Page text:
See, it’s really hard to trust labels.  The Tea Party people, at least those who really drank the kool-aid, they say they’re conservative.  But there are plenty of people who’ve been known as strong conservatives for quite a while (in just the past week I’ve cited David Brooks, Kathleen Parker and David Gergen, for example) who think the GOP in Congress may be going too far this time.  Today I’ll add Steve Bell, who believes there will be a deal and no default, but that Republicans are spending so much energy protecting tax cuts for the richest Americans that the voters are going to smack ’em up-side their heads in November 2012 (I paraphrase).  Gallup’s latest poll finds, not surprisingly, that Americans would prefer to fix the problem with only cuts in spending, although they weren’t asked to identify which cuts they supported, but most of the country favors a mix of spending cuts and tax hikes.  Perhaps because they’re smart enough to realize that the problem is too big to fix with just one or the other.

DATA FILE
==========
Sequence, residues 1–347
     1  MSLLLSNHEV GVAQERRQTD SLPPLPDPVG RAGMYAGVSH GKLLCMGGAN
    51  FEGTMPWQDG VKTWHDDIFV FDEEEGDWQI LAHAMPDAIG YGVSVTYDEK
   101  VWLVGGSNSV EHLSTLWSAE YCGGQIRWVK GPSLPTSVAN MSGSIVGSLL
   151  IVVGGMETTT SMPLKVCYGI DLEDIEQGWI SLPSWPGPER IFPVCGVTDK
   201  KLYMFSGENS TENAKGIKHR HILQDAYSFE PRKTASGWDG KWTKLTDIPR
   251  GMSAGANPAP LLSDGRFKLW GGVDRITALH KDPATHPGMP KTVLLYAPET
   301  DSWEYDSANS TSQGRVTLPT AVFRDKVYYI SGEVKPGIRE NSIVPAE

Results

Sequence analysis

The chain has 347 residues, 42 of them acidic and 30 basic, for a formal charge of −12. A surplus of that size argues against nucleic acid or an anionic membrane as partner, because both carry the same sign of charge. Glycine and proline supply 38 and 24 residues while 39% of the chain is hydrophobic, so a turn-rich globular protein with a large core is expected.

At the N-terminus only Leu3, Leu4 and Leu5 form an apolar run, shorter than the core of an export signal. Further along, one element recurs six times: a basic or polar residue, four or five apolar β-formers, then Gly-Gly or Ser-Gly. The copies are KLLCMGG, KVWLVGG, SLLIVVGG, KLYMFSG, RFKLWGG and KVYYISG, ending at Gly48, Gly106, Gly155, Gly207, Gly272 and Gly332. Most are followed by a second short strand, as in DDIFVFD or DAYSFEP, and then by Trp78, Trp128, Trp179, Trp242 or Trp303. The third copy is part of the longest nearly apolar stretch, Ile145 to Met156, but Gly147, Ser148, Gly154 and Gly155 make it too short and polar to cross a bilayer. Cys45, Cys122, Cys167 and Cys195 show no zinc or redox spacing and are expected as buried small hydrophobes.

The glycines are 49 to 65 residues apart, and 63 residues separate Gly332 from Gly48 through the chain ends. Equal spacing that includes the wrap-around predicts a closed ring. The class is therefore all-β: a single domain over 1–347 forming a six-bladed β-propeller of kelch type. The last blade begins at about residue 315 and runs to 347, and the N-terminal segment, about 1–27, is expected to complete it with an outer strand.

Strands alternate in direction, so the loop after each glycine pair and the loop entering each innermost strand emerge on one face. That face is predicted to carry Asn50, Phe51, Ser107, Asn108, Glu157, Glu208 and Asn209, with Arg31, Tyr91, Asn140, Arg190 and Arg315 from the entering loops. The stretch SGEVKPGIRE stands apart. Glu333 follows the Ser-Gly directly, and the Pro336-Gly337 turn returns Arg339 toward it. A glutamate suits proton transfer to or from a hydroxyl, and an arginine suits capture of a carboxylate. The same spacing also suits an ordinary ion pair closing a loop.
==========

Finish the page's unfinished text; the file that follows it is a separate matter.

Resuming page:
Now Moody’s is putting American government bonds on review for a possible downgrade, and even the Chinese—the Communist Chinese!—are urging the U.S. government to be responsible and think about protecting investors all over the world.

So I was thinking about all of that, and I remembered the words to a Terri Sharp song I heard performed by Don McLean:

When the gates are all down and the signals are flashing,

The whistle is screaming in vain,

And you stay on the tracks, ignoring the facts,

Well you can’t blame the wreck on the train

T-minus three weeks and counting…

There’s just the faintest whiff of default in the air in Washington, D.C., so the frequency of budget meetings is on the rise.  Late last week President Obama and Speaker Boehner sounded confident they could make a deal  that would reduceBoehner government spending by $4 trillion over ten years, but Boehner has backed off from what The New York Times characterizes as “a transformative proposal, with the potential to improve the ugly deficit picture by shrinking the size of government, overhauling the tax code and instituting consensus changes to shore up Medicare and even Social Security. It was a once-in-a-decade opening.”